Living in Loughrea
Loughrea‟s tradition as a market town was established in medieval times. This tradition continues and flourishes today. It is vibrant and prosperous and offers a wide range of quality retail services to its customers. Loughrea is a focal point for an extensive catchment area. The main shopping outlets include two large supermarkets. These centres have evening and Sunday opening hours, as well as a selection of convenience stores. Long established fashion houses cater not only for outfits for special occasions but everyday casual wear for all ages. The range of boutiques (including two bridal boutiques) provide a selection of exclusive designer ladies wear. The town also caters for DIY enthusiasts with hardware and department store. Loughrea‟s reputation as a leading shopping centre is long established. The town‟s retailers are committed to providing a quality, personal service with a guarantee of price competitiveness. In terms of accessibility to the retail core, car parking needs are primarily served by the Main Street car park (72 spaces) and the Barrack Street car park (58 spaces). On street car parking is estimated at approximately 430 spaces. Plans are in place for additional car parking spaces in the town.

Eating Out and Entertainment
Eating Out There is a wide range of restaurants available to cater for all tastes. These vary from restaurants to coffee shops. Traditional Music and Dance Loughrea has a strong history of traditional music, with numerous successes at the National Fleadh Cheoil over the years and famous names include Joe Burke, Ann Conroy and Music Matters. Night Clubs Loughrea has two Night Clubs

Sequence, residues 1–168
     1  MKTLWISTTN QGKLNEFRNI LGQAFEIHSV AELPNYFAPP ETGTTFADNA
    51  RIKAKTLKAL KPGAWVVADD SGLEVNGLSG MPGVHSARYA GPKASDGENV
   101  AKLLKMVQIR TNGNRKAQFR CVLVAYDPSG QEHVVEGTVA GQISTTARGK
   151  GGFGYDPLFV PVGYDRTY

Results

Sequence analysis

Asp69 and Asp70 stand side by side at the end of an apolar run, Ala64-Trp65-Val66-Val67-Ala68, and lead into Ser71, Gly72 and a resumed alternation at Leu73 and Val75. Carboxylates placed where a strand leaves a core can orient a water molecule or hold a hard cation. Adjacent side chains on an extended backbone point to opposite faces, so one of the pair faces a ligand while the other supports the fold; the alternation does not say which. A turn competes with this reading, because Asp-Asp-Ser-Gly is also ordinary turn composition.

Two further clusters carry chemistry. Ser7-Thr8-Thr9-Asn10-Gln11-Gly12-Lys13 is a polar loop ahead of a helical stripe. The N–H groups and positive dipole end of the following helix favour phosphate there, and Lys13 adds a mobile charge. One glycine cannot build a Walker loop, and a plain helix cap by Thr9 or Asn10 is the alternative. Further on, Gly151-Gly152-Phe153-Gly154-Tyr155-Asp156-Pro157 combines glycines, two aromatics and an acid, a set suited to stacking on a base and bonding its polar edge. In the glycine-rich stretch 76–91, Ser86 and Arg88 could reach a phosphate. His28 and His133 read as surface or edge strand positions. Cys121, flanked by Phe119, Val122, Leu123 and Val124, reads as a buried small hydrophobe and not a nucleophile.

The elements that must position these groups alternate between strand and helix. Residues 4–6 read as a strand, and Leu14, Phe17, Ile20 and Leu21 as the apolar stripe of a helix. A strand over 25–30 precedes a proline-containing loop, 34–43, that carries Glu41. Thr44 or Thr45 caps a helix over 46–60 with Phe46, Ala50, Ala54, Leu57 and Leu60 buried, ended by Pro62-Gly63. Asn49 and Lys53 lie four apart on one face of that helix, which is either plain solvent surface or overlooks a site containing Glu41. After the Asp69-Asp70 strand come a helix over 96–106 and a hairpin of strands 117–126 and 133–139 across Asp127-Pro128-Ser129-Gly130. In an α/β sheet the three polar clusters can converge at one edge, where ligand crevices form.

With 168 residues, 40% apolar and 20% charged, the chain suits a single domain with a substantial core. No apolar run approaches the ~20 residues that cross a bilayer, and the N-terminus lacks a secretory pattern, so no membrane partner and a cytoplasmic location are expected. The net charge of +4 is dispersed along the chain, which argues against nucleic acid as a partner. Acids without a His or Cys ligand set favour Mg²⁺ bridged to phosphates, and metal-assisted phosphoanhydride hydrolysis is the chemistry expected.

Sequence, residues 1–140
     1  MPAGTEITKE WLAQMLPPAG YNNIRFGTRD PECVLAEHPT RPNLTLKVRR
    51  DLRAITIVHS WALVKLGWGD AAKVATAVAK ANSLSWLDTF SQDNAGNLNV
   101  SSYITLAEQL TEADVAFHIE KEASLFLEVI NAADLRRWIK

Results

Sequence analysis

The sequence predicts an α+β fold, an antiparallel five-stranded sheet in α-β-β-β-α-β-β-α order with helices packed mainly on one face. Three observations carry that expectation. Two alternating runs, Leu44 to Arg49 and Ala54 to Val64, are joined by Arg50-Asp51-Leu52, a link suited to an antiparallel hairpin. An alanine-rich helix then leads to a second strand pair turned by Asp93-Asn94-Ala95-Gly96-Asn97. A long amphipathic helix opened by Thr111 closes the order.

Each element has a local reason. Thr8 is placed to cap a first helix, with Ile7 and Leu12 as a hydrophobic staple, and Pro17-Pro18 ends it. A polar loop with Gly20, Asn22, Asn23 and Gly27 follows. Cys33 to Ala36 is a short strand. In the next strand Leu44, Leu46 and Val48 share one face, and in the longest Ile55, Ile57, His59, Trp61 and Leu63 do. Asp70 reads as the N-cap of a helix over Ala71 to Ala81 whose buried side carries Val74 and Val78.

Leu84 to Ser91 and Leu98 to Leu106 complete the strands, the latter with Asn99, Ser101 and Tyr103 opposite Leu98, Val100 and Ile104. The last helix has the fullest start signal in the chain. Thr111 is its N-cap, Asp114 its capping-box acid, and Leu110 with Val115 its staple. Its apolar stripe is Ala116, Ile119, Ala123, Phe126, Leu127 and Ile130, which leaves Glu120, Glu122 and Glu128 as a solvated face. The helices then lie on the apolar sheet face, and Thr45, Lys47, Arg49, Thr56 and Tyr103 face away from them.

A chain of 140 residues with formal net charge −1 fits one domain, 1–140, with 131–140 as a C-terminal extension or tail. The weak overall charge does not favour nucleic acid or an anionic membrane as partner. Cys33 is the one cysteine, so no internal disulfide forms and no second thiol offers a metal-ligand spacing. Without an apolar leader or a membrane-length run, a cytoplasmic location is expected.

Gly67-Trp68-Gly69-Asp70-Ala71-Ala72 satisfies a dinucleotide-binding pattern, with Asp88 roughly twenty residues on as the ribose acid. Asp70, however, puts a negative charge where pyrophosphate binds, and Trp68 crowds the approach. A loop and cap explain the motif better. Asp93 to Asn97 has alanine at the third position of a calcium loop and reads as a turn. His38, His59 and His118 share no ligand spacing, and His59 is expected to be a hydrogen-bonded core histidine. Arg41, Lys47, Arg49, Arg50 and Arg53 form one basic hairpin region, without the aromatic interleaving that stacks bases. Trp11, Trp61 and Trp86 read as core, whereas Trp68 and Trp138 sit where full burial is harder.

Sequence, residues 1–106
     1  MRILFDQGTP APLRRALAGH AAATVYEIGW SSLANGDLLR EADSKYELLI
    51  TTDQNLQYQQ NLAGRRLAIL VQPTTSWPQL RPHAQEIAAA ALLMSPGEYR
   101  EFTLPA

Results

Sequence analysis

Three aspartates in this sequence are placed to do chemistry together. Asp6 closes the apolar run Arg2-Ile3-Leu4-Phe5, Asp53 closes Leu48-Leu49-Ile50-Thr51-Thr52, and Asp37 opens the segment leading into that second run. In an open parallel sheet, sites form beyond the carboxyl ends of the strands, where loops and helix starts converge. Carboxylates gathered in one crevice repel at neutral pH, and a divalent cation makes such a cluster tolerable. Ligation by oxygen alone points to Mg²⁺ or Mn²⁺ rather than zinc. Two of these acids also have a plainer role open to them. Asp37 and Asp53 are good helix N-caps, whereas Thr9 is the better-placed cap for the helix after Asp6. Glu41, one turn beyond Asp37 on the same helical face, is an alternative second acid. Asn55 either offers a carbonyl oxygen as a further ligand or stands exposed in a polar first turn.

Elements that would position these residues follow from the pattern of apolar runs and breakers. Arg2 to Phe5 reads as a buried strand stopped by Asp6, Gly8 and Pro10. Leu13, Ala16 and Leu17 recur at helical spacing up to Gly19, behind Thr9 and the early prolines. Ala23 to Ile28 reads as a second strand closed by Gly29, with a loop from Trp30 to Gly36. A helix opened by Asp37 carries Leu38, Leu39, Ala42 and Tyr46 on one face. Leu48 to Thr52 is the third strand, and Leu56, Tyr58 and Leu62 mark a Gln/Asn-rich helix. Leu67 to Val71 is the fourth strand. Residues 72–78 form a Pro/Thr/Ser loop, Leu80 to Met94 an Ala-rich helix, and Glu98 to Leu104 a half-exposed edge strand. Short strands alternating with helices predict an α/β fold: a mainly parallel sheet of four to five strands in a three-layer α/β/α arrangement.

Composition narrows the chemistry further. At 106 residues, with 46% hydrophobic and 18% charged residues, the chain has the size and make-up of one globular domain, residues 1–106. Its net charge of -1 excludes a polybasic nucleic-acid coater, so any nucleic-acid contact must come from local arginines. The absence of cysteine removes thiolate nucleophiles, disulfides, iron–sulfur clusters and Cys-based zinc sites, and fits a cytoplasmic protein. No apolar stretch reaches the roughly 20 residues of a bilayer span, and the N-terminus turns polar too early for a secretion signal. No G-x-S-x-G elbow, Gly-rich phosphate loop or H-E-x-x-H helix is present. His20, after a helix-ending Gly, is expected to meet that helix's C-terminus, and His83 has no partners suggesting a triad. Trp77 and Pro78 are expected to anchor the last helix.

Annual Events March ·

St. Patrick's Day Parade Commencement of the fishing season on Loughrea lake Cuirt Poetry Festival Annual concert performed by the Choral Society East Galway & Blazer Hunts Point to Point Horse Races. . Edward Martin Weekend Tynagh Horse Show

April ·

May/June ·

July ·

Loughrea Horse Show Galway Film Fleadh Galway Arts Festival Galway Races Athenry Medieval Festival Cruinniú na mBád Festival, Kinvara

August ·

September ·

Clarenbridge Oyster Festival Galway Oyster Festival Galway Races Lady Gregory Autumn Gathering – Coole Park, Gort Loughrea International Road race B.A.F.F.L.E. Poetry Festival, Loughrea Ballinasloe Horse Fair Galway Races Cooley/Collins Traditional Music Festival, Gort

October ·

November/ December ·

Annual production by St. Brendan's Choral & Dramatic Society.

Other events - Loughrea Youth Theatre – Two productions per year - Loughrea Summer Youth Development Project Places of Worship Catholic mass services are available both at St Brendan‟s Cathedral and the Carmelite Abbey. There is a Church of Ireland service in the area also. (see Appendix 2)


Public transport A number of public and private bus operators service Loughrea mainly to destinations along the N6 route. Local information Local newspapers in circulation include; Connacht Tribune, Galway Advertiser, Tuam Herald, Connacht Sentinel. There are a variety of information brochures describing everything from activities to heritage sites available at the Loughrea Tourist Office.